Ramzan Kadyrov, the son of pro-Moscow Chechen President Akhmad Kadyrov and the head of his father’s presidential security service, told Interfax on May 3 that Aslan Maskhadov may be among a group of fighters surrounded by federal forces in Chechnya’s Kurchaloev district and that the rebel leader may have been wounded. The younger Kadyrov cited as “indirect evidence” that Maskhadov was wounded signs that fighters had carried away a wounded person on a homemade stretcher while leaving behind the bodies of six of their comrades killed in the fighting. Ramzan Kadyrov claimed the group that has been surrounded is made up of fighters gathered by Maskhadov from across Chechnya’s mountainous areas and that it also includes Rappani Khalilov. He is an Islamic separatist guerrilla leader whom the Russian authorities accuse of masterminding the bombing of a Victory Day parade in Kaspiisk, Dagestan, that killed forty-two people (see the Jamestown Monitor, May 13, 2002).
Meanwhile, the chief of staff of Akhmad Kadyrov’s security service, Artur Akhmadov, told Interfax that police were combing a large wooded area between the villages of Tsentaroi, Alleroi, Yalkhoi-Mokhk and Gansolchu and that a total of eight rebel fighters had been killed during the sweep. Ren-TV’s evening news, in a broadcast on May 3, showed footage of the bodies of what it said were six fighters killed in the operation.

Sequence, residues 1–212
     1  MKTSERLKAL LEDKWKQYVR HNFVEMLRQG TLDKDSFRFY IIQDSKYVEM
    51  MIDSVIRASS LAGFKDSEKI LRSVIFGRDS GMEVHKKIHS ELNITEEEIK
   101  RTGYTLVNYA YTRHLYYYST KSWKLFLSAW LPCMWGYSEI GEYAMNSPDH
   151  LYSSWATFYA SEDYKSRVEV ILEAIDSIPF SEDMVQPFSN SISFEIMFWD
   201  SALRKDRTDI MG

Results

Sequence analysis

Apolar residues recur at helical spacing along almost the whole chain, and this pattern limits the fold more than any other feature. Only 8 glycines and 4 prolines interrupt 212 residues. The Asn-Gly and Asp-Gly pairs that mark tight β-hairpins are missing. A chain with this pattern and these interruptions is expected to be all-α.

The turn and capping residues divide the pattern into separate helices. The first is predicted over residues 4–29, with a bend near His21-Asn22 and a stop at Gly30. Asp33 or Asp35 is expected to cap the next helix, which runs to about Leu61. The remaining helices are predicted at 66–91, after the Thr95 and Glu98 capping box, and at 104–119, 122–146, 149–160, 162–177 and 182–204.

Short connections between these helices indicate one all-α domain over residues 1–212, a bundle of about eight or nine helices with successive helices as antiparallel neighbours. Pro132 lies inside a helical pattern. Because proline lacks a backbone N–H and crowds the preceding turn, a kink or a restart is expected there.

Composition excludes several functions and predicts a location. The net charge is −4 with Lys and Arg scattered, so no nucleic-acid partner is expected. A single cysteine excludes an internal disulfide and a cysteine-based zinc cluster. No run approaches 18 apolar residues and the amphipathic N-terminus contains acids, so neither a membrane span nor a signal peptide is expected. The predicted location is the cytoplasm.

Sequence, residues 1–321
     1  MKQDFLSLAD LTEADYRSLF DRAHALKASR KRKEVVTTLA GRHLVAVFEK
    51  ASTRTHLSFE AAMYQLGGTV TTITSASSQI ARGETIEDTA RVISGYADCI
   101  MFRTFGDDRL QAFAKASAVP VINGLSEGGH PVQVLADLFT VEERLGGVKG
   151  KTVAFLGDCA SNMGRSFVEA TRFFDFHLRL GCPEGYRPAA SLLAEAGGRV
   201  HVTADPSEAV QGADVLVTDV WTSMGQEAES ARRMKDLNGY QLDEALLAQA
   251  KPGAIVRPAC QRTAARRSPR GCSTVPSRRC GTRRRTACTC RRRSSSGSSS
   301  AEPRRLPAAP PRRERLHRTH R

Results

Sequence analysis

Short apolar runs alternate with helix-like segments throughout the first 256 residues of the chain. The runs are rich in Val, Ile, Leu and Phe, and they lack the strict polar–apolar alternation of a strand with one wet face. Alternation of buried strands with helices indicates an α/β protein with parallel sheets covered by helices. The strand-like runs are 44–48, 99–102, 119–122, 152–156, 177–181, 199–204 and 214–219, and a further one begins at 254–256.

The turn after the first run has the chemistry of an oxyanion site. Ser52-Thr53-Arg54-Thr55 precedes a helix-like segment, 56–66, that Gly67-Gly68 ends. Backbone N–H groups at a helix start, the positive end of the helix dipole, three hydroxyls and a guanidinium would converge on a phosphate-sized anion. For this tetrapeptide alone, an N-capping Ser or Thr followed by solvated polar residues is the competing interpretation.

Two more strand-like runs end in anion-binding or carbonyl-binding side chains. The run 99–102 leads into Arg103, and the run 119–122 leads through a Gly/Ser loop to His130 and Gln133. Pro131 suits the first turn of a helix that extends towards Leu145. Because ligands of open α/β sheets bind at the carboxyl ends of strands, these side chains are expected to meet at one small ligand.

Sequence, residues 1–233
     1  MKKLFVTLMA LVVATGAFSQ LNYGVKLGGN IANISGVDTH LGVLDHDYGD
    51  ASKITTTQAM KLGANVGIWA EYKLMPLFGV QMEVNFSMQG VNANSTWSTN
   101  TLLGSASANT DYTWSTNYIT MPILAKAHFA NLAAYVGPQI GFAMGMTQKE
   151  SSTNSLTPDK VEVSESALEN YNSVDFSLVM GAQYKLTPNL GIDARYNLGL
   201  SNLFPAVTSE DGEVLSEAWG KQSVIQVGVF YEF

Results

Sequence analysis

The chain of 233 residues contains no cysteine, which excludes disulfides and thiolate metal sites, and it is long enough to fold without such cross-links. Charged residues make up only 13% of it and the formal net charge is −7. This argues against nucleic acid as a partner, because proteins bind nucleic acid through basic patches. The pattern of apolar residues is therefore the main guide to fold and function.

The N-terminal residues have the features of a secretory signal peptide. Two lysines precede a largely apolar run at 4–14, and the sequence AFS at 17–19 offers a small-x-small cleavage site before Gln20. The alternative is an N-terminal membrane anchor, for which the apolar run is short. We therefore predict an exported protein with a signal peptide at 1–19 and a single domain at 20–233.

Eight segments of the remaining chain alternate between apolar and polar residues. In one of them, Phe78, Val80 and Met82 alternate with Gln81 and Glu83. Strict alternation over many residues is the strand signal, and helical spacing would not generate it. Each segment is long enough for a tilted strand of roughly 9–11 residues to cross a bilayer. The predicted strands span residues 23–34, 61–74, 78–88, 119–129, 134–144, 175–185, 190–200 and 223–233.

Asked about Ramzan Kadyrov’s claims, Maskhadov’s emissary, Akhmed Zakaev, told Ekho Moskvy on May 3 that he had not had contact with the rebel leader or his administration for two days. Zakaev added, however, that Maskhadov was not personally participating in operations that separatist fighters were conducting. “There is a worked-out plan for combat operations in the spring-summer period that is controlled by the supreme commander-in-chief Aslan Maskhadov and members of the State Defense Committee,” Zakaev told the radio station. “But special-forces operations are being carried out in regions of the republic and, naturally, people on both sides are being killed.”
Kavkaz-Center, for its part, reported that a representative of the separatists’ Military Committee had denied that Maskhadov had been wounded (Kavkazcenter.com, May 4). The website also confirmed that rebel forces were conducting a special operation “to destroy one of the national-traitors, [Akhmad] Kadyrov’s close aide Sulim Yamadaev.” Interfax reported on May 3 that rebels had twice, within several hours, tried to kill Yamadaev, who commands the pro-Moscow government’s “Vostok” special forces unit, each time using radio-controlled bombs. RIA Novosti reported on May 3 that a roadside bomb in Grozny, the Chechen capital, had killed one of Akhmad Kadyrov’s bodyguards and injured two others.
The claims that Aslan Maskhadov has been wounded and is surrounded must be treated with caution, given that the Russian authorities have on numerous occasions prematurely announced the deaths of various rebel field commanders (though it is true that several of them, including Abu al-Walid, Khattab and Ruslan Gelaev, finally, were killed). The Kadyrov administration, it should be noted, has in recent weeks repeatedly predicted the rebels’ imminent demise and hinted that Maskhadov might surrender voluntarily (see Chechnya Weekly, April 21, 28). Whatever the case, NTV television opined on May 3 that a special operation to capture Maskhadov may be “pegged to Vladimir Putin’s inauguration, scheduled for May 7, so that a major success can be reported to Moscow.”